Good Morning
Good Morning
SportsColumnistsAnthony Rieber

J.A. Happ's grittiness, James Paxton's dominance a good start for Yankees

J.A. Happ of the Yankees looks on against

J.A. Happ of the Yankees looks on against the Red Sox at Yankee Stadium on Wednesday. Credit: Jim McIsaac

James Paxton did it with sheer brilliance on Tuesday night. J.A. Happ did it with sheer guts on Wednesday night.

You want to believe the Yankees are not dead yet? Look at the performances of those two formerly struggling pitchers in a two-game sweep of the defending World Series champion Red Sox that concluded with Wednesday’s 5-3 victory at Yankee Stadium.

“I have high expectations for those two guys,” manager Aaron Boone said before adding, “A lot of good things happened tonight ” -- not the least of which was Brett Gardner’s go-ahead grand slam in the seventh inning.

“Oooh, that was big,” Boone said. “The fact that we were able to hang around tonight, the fact that J.A. was able to kind of settle in and kind of give us some quality innings . . . He pitched.”

On Tuesday, Paxton was dominant with 12 strikeouts in eight innings in an 8-0 victory.

On Wednesday, Happ set the exact opposite tone. Eight batters into his fourth start of the season, Happ had allowed two home runs and the Yankees were down 3-0.

Happ’s ERA at the moment Christian Vazquez’s two-run home run disappeared over the rightfield wall with two outs in the second was 9.64.

Happ seemed to be headed for an early shower, even if it wasn’t as early as the one Steven Matz took on Tuesday (zero outs, eight runs against the Phillies for Long Island’s favorite son – ouch. Thank goodness for the Islanders, right?)

All through Yankees Universe, the first inning and a half on Wednesday renewed the outcry for Brian Cashman to rush to the phone, call Scott Boras and beg for the chance to sign Dallas Keuchel.

But Cashman just the other day, while lamenting the staggering number of injuries the Yankees have suffered, noted that many of their healthy veterans were also not performing well.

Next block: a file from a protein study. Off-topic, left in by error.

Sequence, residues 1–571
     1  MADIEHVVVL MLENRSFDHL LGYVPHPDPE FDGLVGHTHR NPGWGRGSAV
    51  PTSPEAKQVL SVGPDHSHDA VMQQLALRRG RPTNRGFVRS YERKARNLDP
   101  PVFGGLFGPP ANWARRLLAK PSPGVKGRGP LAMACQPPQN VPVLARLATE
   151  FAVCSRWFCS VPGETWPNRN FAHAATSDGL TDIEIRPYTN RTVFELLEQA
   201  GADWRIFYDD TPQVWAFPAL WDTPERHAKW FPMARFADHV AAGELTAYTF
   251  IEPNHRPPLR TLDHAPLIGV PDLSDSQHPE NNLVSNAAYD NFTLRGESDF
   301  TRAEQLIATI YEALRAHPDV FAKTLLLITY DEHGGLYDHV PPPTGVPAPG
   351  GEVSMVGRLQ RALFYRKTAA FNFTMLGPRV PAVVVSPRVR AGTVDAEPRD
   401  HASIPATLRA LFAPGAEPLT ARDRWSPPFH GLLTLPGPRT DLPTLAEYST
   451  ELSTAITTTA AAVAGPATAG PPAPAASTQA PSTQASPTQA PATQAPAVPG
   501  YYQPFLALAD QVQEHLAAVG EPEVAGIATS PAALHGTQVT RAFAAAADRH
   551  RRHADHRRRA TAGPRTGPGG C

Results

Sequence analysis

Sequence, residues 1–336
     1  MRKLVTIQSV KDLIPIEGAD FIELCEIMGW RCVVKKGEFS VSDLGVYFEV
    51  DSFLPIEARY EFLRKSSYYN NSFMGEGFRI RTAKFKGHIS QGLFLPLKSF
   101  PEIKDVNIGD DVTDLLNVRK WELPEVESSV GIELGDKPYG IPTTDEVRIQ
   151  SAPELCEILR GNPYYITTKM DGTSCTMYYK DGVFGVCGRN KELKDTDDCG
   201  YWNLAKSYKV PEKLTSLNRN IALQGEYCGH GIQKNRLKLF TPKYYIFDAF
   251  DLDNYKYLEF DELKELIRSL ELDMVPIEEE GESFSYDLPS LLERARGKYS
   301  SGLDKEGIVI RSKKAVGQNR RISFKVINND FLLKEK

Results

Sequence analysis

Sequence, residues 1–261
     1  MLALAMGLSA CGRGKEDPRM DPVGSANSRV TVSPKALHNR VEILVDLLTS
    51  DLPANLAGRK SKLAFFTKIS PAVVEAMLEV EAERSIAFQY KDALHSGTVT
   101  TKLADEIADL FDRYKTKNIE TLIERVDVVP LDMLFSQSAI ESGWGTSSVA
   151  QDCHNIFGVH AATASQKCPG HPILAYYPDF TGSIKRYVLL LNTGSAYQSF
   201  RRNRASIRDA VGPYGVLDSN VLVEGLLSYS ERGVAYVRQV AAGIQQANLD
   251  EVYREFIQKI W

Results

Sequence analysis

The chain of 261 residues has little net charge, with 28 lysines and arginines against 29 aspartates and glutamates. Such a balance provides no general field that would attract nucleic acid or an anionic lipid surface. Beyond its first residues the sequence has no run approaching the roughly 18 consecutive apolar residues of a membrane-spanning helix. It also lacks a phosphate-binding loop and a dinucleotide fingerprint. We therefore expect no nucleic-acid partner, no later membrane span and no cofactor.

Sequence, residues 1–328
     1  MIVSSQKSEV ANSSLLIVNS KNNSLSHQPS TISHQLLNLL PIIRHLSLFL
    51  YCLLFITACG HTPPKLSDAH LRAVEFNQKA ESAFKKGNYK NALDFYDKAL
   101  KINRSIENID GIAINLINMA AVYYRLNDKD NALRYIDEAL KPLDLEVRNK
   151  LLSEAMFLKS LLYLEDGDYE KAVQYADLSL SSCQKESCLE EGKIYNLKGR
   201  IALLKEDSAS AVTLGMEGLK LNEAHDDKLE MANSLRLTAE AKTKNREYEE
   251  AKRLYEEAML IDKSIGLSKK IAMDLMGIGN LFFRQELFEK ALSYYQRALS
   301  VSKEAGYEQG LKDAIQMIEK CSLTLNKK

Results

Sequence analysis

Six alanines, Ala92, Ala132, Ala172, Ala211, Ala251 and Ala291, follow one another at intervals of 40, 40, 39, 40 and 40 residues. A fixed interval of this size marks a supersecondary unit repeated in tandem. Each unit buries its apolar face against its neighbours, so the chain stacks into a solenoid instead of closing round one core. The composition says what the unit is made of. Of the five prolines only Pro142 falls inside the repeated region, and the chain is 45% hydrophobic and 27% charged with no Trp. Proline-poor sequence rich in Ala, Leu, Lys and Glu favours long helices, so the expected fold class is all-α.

The general manager didn’t mention Paxton or Happ, but he could have. In the continuing absence of ace Luis Severino, Paxton and Happ have to pitch up to their best selves for the Yankees to have a chance to overcome their injury-tattered start to the season.

Happ got it together to give the Yankees a chance to make it their night. He lasted one out into the seventh and left with the Yankees trailing 3-1.

“Really proud of the effort he gave tonight,” Boone said.

The Yankees battled Nathan Eovaldi enough to get him out of the game after six innings and 104 pitches. In came Brandon Workman, who allowed a leadoff single to Clint Frazier and then could only get one out while facing the Yankees’ 7-8-9 of Mike Tauchman, Gio Urshela and Austin Romine.

Boone couldn’t use a pinch hitter because his bench was Mike Ford, Tyler Wade and Kyle Higashioka. Alex Rodriguez, who was in the YES booth for an inning, would have been a bigger threat and he retired three years ago. Still, Tauchman and Romine both walked around a strikeout of Urshela to load the bases.

You know the old baseball adage: You walk Mike Tauchman and Austin Romine when trying to protect a two-run lead in the late innings and you get what you deserve.

Boston manager Alex Cora brought in righthander Ryan Brasier – the Red Sox have no lefties in their highly questionable bullpen – to face Gardner, who deposited his 100th career home run into the rightfield stands for a 5-3 lead.

That was still the score when Aroldis Chapman struck out Jackie Bradley Jr. to end it. The Red Sox left town at 6-13. In Red Sox Nation, the calls for general manager Dave Dombrowski to bring back free agent closer Craig Kimbrel must be deafening.

The Yankees don’t care about that. They are 8-9. They mini-swept the champs. It’s a start.

New York Sports